The Florida Bar

Florida Bar News

  1. Home
  2. News & Events
  3. Florida Bar News
The Florida Bar News
click to print this page  click to e-mail the address for this page 
July 15, 2017
Are litigation insurance premiums billable?

By Gary Blankenship
Senior Editor

Whether premiums for insuring litigation costs in contingency fee contracts can be passed on to clients if the case is won or settled will be studied by the Bar’s Professional Ethics Committee.

The committee considered the insurance, called litigation cost protection that was developed and is being offered by Miami attorneys Justine Leto and Larry Bassuk, at its June 23 meeting at the Bar’s Annual Convention in Boca Raton.

The issue came to the Bar’s ethics staff earlier this year when a lawyer who wanted to purchase the insurance asked if it could be charged as a cost to the client if the case settled or was won at trial. The Bar’s ethics staff replied it could not be charged to the client.

That caused Leto and Bassuk to file their own request with the ethics staff, saying the original inquiry left out pertinent information, but the reply was the same. The pair then appealed the staff opinion to the Professional Ethics Committee.

Leto told the PEC that the client would be told up front about the insurance when the contingency contract is signed. The lawyer can select an amount he or she expects to advance as costs, and the premium is 7 percent of that figure, he said.

Leto argued there are several benefits for the client, including the attorney will be less tempted to cut costs in hiring experts or ordering tests, it will protect the client if the defense attempts to drag out litigation to increase costs for the plaintiff, it will allow smaller firms to take contingency cases, and it will improve access to the courts because attorneys will be more likely to undertake risky cases if they know their costs will be reimbursed if they lose.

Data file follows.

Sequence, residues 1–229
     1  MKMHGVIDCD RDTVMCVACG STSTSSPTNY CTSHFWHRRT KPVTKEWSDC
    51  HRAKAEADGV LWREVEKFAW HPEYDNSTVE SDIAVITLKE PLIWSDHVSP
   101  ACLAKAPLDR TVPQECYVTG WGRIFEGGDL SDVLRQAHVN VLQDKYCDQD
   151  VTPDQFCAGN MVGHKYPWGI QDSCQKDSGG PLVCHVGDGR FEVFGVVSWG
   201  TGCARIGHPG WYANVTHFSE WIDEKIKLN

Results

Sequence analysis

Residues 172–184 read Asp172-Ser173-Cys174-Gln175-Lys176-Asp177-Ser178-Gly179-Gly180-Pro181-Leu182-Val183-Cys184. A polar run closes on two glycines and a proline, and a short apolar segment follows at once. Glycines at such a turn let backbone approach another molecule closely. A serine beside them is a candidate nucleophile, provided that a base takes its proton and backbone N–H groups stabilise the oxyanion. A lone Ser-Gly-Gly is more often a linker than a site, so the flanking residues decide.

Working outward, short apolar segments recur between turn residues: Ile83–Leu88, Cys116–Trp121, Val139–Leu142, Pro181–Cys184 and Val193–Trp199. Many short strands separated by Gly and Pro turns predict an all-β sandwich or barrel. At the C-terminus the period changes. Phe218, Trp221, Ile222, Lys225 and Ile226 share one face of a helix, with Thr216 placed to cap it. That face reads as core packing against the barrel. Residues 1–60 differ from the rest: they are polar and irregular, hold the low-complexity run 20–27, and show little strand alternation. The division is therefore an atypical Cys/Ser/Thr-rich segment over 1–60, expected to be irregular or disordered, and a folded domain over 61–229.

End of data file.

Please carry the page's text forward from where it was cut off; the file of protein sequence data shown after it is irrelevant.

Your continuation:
“It’s a brand new product. It’s never been done before,” Leto said. “It’s ethical because it’s fully disclosed [to the client]. . . . What this insurance does, in a sense, is it creates a level playing field.”

In response to questions from committee members, Leto said the insurance is purchased through a website (levelinsurance.com). Because the underwriting insurance company wanted an automated process, the insurance must be taken out within 90 days after service of process so that lawyers who realize well into a case they are likely to lose can’t buy the insurance, and the costs are reimbursed only if the case is lost at a bench or jury trial. He also said the insurance has been offered for about 10 months.

Leto and Bassuk said it’s proper for the clients, who would have been informed about the policy and given consent when they sign the contingency contract, to repay the premium as a normal court-related cost if the case is settled or they win at trial

The Bar’s staff opinion said while Bar Rule 4-1.8(e) allows lawyers to advance court costs and expenses of litigation, “[t]he insurance policy proposed by the inquirer does not constitute a court cost or an expense of litigation. The policy is not required by the court, does not have any direct effect on the client’s representation, and does not affect the outcome of the litigation.”

The rule also requires that the advanced costs must be tied to furthering the client’s interests, the opinion said.

It concluded: “Here, the proposed litigation insurance only provides a direct benefit to the attorney. As the inquirer has described it, claims on the insurance policy would only include the lawyer as a beneficiary, and not the client. To the extent that the insurance would benefit the client, the benefits are indirect and relate to existing obligations of the lawyer, such as the duties of competence, diligence, and the avoidance of conflicts of interest. For these reasons, the cost of the premium for this insurance is a business expense of the lawyer, should be accounted for in the lawyer’s overhead, and is not a cost of litigation that can be charged to the client if there is a recovery in the case.”

The committee rejected a motion to approve the staff opinion by a 10-13 vote and then voted 26-0 to refer the issue to a subcommittee for further study.

[Revised: 11-26-2017]